I’m going to jump in on this debate about “Make America Great Again,” largely in order to talk about how we have constructed this idea of a time when the United States was some perfect union. Let’s assume that America has never actually been great, considering the amount of racism, sexism, ableism, classism and xenophobia that pervades our history and policies. If this is something that does not make sense to you, I would recommend looking at Howard Zinn as a base level of understanding or heading to Google.
A lot of times when conservatives talk about how great it was in the Good Ole Days, they either refer to the American Dream (two kids, two cars, house in the suburb, hot white wife wearing pearls) or the rough and tumble era of the Revolutionary Era (when people died of the flu and wore scratchy wool that was never washed.) Today, let’s talk about the 1950s and how that idea was made possible in part with postcards.
Postcards are photographs, or printed versions of photographs, of a relatively standard size of 3.5 inches by 5 inches. They became a thing after the 1893 Columbian Exposition in Chicago and really exploded after 1898 when it became much cheaper to send them. People quickly began to send them, with around 750,000,000 sent in 1906 and in 1913 968,000,000 sent. Nothing has really pervaded American Society until this point.
As postcards have always been cheap and plentiful, it’s a great way to look at American culture. They were also made in order to advertise or memorialize a place. Ever since the beginning, they have have been the center of how (White) people document their trips and adventures.
Companies knew this was a great way to make money: they would sell a huge set of postcards for very little to every pushcart and corner store vendor in towns from New York to Leonidas, Michigan. They started to create very idyllic visions of these scenic places in order to draw in more tourism. As noted by Theodore Dreiser in Hoosier Holiday, pretty much every bridge and nice hill in the US near a highway was documented.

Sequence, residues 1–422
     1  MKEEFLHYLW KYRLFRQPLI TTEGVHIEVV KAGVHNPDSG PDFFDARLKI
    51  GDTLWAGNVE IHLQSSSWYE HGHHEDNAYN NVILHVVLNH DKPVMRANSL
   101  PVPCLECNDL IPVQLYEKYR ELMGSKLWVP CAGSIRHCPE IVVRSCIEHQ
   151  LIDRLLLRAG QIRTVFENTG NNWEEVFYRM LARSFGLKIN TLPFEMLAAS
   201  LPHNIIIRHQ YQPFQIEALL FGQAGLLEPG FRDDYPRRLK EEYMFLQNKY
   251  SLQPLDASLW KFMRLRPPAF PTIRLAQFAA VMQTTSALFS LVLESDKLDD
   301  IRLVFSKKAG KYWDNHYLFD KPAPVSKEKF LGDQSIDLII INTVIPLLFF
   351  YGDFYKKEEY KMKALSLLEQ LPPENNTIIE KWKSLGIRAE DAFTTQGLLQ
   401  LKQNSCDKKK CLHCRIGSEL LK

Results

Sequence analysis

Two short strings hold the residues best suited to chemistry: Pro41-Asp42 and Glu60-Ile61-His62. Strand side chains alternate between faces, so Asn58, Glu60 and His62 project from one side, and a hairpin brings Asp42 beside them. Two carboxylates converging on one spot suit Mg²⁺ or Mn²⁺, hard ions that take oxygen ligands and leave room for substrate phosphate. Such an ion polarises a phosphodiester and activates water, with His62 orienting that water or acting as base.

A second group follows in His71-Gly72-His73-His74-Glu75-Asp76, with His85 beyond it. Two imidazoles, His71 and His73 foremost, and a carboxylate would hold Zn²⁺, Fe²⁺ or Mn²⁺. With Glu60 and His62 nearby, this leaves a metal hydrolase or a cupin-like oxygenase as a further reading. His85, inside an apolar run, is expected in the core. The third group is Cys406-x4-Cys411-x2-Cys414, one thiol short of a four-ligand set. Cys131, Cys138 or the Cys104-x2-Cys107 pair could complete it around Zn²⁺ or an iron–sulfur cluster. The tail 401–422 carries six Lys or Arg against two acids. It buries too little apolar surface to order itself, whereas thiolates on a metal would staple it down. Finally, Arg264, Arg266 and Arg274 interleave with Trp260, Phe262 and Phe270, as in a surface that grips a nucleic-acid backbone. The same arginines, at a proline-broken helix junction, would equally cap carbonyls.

People wanted you to come to their town. They wanted you to know that they were also worthy of your time and money. So they created this visual imagery of a time gone by, where the United States was untrammeled by people and (White) civilization. They coupled this with images of downtown Littletown, USA that was full of modern buildings, prosperity and clean streets in order to create an ideal of luxury coupled with the adventure of seeing a different place.
People wanted you to believe they were modern. They wanted you to come and spend your money in their hotels, restaurants and farm stands. This along with people being able to afford cars, meant more people were going beyond the railroad lines that once were the only way to travel. They were visiting and sending post cards in huge quantities. And many Republicans grew up with this idea that the 1950s was the best time to be alive. Postcards, to them, support this claim on face value.
In the 1950s, there was an aura that being an American was fabulous and definitely better than living in any other country. Postcards in bright colors, with no garbage or crime, sent in masses seriously helped this flawed claim. While it is likely true that living in the U.S from 1945-1960 was likely much better than being in Germany, France, Poland or the UK, it isn’t the whole truth. It’s only the truth for white men, which is unsuprising considering white men tend to vote more conservative than other demographics.
So I can see why Republicans can look back on the imagery of postcards from 1900-1950 and think, “oh how great life was then.” Yet as a historian-adjacent, I can see the lie in it. Postcards were made to sell ideas about travel and freedom. They were not designed to sell you the reality of living in a small town or a crumbling city. Or being a person of color or woman in a world entirely dominated by white men.
People have always complained about how the U.S is losing its heritage. In 1910, people thought cars were destroying regionalism that gave the US its flavor. In 1863, Confederates thought that freeing slaves was an offense to their way of life. Loyalist Americans thought breaking away was an offense to America’s colonial heritage. So this is really nothing new, America is not going to be made Great Again. It’s a marketing ploy by people bending history to their will.